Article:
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Paris Club debt relief accelerates after G20 deal clarified – France

PARIS, May 19 (Reuters) – The number of countries receiving Paris Club debt relief this year under a deal with the G20 is expected to rise after the Club – a group of state creditors – clarified the conditions, said a source from the French finance ministry. Tuesday.

The Group of 20 Major Economies and the Paris Club, an informal group of state creditors coordinated by France’s finance ministry, agreed last month to freeze the debt payments of the 77 poorest countries this year in order to free up money to enable them to fight the coronavirus pandemic.

However, some debtor countries have been reluctant to sign, fearing it could hurt their credit rating after rating agencies said a default by private creditors who agreed to suspend debt payments alongside it. the Club could be considered a fault.

Kenya’s finance minister told Reuters last week that this was one of the reasons Nairobi would not apply.

So far, the Paris Club has only signed agreements with the Caribbean islands of Dominica and Grenada, as well as with Mali and Nepal, the French source said.

But the Club has now made it clear that candidate countries can specify that they want relief only on their debts to public creditors.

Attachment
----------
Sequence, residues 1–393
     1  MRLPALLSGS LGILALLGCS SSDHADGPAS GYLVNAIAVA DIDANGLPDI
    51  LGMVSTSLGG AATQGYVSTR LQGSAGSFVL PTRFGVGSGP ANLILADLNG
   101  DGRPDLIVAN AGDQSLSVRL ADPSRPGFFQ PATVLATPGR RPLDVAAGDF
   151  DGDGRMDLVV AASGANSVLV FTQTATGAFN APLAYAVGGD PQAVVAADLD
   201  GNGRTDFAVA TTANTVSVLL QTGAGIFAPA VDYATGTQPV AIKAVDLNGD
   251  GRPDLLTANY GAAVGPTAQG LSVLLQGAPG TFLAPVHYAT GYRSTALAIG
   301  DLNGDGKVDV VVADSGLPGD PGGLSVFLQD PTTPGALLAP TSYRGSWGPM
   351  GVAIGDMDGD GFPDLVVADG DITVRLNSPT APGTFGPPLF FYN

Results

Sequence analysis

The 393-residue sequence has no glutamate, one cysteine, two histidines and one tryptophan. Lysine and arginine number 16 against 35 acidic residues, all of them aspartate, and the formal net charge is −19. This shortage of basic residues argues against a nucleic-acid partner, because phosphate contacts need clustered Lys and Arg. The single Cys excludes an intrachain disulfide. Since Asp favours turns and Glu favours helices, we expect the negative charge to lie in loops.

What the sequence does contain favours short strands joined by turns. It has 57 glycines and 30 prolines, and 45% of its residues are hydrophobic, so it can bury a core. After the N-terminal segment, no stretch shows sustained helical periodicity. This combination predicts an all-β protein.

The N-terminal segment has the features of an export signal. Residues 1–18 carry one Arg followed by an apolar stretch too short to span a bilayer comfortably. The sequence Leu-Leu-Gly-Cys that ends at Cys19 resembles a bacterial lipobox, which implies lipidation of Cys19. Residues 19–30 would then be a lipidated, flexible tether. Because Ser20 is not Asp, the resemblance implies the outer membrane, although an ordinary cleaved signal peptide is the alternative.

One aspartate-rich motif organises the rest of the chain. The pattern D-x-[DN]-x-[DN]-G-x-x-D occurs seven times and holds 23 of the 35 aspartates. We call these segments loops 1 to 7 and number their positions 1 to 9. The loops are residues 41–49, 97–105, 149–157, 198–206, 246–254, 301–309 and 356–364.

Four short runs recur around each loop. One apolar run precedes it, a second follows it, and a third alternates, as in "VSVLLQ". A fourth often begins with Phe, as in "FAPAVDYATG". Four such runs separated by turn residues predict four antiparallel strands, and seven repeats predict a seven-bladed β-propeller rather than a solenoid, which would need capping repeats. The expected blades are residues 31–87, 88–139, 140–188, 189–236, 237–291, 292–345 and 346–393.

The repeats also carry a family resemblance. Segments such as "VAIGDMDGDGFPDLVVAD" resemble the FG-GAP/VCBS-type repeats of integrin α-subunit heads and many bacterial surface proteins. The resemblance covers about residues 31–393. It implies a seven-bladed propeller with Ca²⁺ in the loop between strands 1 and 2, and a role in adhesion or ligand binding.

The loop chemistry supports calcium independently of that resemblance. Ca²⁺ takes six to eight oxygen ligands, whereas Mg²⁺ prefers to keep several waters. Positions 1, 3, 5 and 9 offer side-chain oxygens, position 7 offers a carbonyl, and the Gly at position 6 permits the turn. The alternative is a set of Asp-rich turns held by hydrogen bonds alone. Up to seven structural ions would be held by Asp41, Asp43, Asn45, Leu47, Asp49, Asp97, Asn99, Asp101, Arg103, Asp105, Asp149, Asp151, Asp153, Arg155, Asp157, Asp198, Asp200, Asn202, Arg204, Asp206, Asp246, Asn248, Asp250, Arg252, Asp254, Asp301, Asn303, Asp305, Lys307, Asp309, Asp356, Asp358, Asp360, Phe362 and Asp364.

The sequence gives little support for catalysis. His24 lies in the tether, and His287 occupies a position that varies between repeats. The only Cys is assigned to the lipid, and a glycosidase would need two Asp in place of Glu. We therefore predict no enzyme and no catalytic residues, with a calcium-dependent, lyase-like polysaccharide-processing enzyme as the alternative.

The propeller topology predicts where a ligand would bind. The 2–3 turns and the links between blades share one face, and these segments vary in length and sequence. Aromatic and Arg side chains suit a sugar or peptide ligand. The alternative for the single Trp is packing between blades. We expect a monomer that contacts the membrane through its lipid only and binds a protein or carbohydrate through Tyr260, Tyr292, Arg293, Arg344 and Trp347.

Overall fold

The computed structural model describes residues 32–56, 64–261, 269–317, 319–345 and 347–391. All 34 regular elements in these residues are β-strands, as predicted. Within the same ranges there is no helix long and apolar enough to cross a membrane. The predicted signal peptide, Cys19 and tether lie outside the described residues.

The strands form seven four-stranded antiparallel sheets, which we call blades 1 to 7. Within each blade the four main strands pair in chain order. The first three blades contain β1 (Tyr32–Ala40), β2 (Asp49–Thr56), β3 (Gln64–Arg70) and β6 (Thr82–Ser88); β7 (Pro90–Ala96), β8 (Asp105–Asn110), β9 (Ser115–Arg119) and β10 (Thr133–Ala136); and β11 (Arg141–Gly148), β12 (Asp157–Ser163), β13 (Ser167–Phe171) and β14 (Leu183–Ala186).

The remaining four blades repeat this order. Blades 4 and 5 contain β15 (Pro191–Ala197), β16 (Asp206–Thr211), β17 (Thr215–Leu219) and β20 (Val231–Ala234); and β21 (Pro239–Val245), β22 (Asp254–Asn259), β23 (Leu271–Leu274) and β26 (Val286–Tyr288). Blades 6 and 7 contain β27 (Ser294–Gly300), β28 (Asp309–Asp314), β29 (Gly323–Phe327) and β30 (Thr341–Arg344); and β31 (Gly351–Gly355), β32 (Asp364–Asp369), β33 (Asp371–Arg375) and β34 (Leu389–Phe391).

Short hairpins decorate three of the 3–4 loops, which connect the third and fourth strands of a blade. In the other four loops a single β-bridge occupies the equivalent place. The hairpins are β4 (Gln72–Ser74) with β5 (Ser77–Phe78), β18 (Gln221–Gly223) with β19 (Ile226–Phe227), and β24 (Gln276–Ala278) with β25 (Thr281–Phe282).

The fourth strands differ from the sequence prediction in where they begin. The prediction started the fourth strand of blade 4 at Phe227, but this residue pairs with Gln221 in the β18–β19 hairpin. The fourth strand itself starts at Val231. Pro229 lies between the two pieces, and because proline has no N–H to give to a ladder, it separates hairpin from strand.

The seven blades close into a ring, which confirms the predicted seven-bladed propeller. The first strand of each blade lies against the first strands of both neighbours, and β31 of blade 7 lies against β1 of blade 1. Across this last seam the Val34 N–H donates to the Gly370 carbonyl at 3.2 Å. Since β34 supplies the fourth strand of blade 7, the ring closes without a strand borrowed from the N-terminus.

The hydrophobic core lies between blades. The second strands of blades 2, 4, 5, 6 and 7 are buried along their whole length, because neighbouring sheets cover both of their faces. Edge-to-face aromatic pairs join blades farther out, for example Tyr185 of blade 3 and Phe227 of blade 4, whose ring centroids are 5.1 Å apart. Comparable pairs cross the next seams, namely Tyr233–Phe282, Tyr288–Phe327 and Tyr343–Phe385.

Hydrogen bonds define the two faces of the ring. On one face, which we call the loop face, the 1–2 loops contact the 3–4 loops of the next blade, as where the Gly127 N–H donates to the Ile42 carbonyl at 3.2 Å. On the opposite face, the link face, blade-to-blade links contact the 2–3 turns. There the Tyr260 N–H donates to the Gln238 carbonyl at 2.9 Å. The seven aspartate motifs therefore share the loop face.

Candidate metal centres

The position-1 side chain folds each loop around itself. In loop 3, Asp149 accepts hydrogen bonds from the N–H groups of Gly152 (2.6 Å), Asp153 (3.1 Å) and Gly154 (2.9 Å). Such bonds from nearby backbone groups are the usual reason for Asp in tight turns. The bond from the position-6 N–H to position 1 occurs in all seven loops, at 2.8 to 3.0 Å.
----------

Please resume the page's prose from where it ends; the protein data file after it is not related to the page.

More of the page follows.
“We have about 20 more in the process of finalizing documents to sign agreements and we expect another dozen to make requests in the coming days,” the source said.

Countries likely to sign soon are Cameroon, Democratic Republic of Congo, Republic of Congo, Ethiopia, Pakistan and Mauritania, another source close to the matter said.

Usually, the Paris Club asks borrowing governments to seek the same terms for debt repayment from private sector creditors.

Aside from this exception to this rule, rating agencies now understand that the debt relief program is not negative for ratings, the source said.

Countries eligible for the program have a total of $ 36 billion due this year, made up of $ 13 billion owed to other governments, $ 9 billion to private creditors and the remainder to multilateral development lenders. (Reporting by Leigh Thomas; Editing by Kevin Liffey)


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